The Honda does have more places to store your stuff, including a glove box-like compartment (the aforementioned frunk) below the dash as well as a small chamber integrated into the fairing ahead of the rider’s right knee. The frunk in the center includes USB power and a foam pocket to cradle a phone—easier than accessing the USB port in the BMW’s right saddlebag. Oddly, the little storage nook in the right fairing also holds the trigger button to open the gas-tank lid. It’s sort of a Rube Goldberg way to grant access, and probably the reason you can’t open that compartment while the bike is moving.

Frunk ports
When the gas tank is under the seat, you can you use conventional tank space for storage. The Wing’s “frunk” provides a great place for your wallet, Chapstick, and cellphone—which can be charged via the provided USB port.Jeff Allen

Aboard the K1600, there is one feature that stands above any in motorcycling: a headlight that sees through corners. BMW’s Adaptive Xenon lamp uses a mirrored beam, with the mirror tied to a servo that rotates according to lean angle and speed data from the ECU. Soaring up the last 40 miles of California’s Big Sur coast after dark was the perfect test, and it was utterly majestic. It’s almost distractly good at what it does, and it changed the dynamic of the ride. The Gold Wing’s LED headlight is strong but, to borrow an old phrase, doesn’t hold a candle to the K1600’s brilliance.

BMW saddlebag ports
BMW’s right side case includes a pouch with USB plug for charging electronics. It’s a handy feature, but it would be more handy if it was closer to the cockpit. Point to the Gold Wing.Jeff Allen

Where the BMW falls behind is the dash, which in 2011 was cutting edge. However, one of the most significant changes for the 2018 Gold Wing is a revised dash that’s simplified and significantly more sleek than the previous setup. The crown jewel is a crisp 7-inch full-color TFT display that makes the BMW’s screen look dim and pixelated by comparison. Both bikes have equally vast (and equally intuitive) menu systems and controls, but as with any complicated interface it’ll take a few hundred miles to get fully acquainted.

Which One Should I Buy?

Even though these motorcycles reside in the same market space and have comparable specs, there are some significant differences. The BMW offers more performance, more fuel (its 7-gallon tank holds an additional 1.5 gallons), more luggage capacity, and, if you get an unadorned base bike, the BMW even has a lower price. It’ll cost you $26,700 to buy a Gold Wing Tour, or $23,195 to hop on a Grand America. That $3,500 is a big delta, but our bike obliterates it with the Premium Package and Safety Plus Package, which push the bike’s MSRP to $27,015. Which, at this strata, is in the noise.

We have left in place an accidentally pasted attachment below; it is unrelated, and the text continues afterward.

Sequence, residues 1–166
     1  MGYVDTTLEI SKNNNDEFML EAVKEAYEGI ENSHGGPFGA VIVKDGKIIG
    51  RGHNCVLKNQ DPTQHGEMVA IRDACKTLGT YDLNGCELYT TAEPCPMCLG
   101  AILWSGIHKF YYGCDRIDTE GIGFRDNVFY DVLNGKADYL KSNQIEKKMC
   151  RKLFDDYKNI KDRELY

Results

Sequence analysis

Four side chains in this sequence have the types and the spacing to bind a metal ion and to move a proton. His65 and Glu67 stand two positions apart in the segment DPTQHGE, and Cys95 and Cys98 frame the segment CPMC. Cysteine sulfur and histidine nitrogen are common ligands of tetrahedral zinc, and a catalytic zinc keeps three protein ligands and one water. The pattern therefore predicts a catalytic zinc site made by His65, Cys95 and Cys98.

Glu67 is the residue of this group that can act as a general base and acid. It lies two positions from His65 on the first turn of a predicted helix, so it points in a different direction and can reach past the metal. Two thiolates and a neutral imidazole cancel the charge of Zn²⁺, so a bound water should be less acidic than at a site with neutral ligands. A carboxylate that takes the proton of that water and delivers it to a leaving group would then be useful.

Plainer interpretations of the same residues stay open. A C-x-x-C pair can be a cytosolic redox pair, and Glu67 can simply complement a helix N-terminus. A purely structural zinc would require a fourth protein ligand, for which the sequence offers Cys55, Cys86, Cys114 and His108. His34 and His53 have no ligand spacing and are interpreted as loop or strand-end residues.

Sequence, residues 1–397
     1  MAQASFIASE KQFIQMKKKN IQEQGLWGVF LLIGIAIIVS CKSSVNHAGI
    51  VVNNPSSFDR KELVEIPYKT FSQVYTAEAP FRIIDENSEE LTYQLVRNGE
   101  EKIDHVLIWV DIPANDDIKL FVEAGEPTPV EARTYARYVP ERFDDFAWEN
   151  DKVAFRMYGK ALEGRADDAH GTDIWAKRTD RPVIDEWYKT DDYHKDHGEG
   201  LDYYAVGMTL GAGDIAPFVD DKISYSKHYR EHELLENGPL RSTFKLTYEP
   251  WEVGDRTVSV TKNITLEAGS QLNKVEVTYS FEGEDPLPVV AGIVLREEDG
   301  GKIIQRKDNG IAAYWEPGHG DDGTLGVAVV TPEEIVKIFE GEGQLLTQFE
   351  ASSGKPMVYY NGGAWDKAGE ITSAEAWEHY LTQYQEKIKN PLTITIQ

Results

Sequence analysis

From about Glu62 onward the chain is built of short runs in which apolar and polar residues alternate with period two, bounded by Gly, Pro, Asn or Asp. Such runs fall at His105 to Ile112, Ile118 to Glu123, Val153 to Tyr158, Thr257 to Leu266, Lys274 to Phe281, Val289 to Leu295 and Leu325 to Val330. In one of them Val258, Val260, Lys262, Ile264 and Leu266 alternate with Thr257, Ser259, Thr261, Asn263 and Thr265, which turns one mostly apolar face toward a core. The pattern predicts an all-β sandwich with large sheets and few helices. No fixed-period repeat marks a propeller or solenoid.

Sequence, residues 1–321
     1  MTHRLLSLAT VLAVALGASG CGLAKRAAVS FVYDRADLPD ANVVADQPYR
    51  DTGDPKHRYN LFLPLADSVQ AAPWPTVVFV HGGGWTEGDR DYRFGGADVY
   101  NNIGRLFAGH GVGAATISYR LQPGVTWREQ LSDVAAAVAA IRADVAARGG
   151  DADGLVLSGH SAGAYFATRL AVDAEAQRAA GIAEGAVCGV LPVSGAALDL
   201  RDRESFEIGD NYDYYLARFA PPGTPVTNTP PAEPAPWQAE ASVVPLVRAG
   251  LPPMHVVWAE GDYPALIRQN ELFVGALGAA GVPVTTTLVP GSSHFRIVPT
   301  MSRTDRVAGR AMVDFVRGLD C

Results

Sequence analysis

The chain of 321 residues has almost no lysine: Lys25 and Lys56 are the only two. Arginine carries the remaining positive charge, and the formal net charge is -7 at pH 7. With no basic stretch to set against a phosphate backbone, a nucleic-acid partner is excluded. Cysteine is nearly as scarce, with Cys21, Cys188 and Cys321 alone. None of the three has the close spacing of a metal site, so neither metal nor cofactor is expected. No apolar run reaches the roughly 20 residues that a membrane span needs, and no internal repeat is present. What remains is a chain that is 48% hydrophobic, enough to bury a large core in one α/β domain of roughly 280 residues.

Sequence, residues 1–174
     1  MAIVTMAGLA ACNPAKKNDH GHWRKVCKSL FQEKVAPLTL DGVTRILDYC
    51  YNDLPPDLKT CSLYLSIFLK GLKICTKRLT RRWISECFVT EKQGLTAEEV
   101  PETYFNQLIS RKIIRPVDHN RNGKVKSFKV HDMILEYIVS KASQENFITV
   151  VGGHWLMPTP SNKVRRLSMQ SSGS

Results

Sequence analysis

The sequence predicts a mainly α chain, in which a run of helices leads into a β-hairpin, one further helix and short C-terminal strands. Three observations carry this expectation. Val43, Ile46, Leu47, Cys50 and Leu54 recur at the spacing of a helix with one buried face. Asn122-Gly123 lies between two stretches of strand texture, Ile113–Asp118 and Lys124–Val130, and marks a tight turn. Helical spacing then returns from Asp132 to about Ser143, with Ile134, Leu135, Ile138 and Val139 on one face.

Saddling up to a Grand America may seem like the sensible decision, but it’s hard to reconcile the bike’s odd seating position with the idea that this is supposed to inhale hundreds of miles at a time. The Gold Wing is more comfortable, more graceful, and more appropriate for the kind of long-distance riding this category of bike is designed to do. We were frustrated by the clunky shifting and annoyed by the sticky latch mechanisms on the dash vent and frunk, but as a total package the new G-Wing is a stellar heir to the long-distance throne.

Then again, if the K1600B’s exciting engine, quickshifter, and other assets still appeal to you, there’s always BMW’s K1600GTL. Rather than being Americanized with a low-slung look, floorboards, and a pullback bar, the GTL is pure German practicality and demands a look in this category. One thing was extremely clear at the end of this test: Six-cylinder touring bikes are more than just four cylinders ahead of the competition.

dyno test
The name of the game is low-end grunt, and the Gold Wing wins. Then again, BMW’s 1,649cc engine is no slouch at lower revs, and its higher redline and high-rpm performance is thrilling.Jeff Allen
BMW K1600B Grand America Honda Gold Wing Tour
Price: $23,195 ($27,015 as tested) | $26,700
Engine: 1,649cc straight-six | 1,833cc flat-six
Measured Power: 125.9 hp @ 7750 rpm | 97.9 hp @ 5500 rpm
Measured Torque: 106.1 lb.-ft. @ 4200 | 108.4 lb.-ft. @ 1250 rpm
Rake/trail: 30.5°/4.3 in. | 25.3°/4.2 in.
Wheelbase: 63.7 in. | 66.7 in.
Measured Weight: 810 lb. (wet) | 838 lb. (wet)
Seat Height: 30.7 in. | 29.3 in.
Fuel Capacity: 7.0 gal. | 5.6 gal.
Fuel Economy (hi/low/avg.): 44/36/39 mpg | 42/38/40 mpg
Range: 273 mi. | 224 mi.
Warranty: 24 months, unlimited miles | 36 months, unlimited miles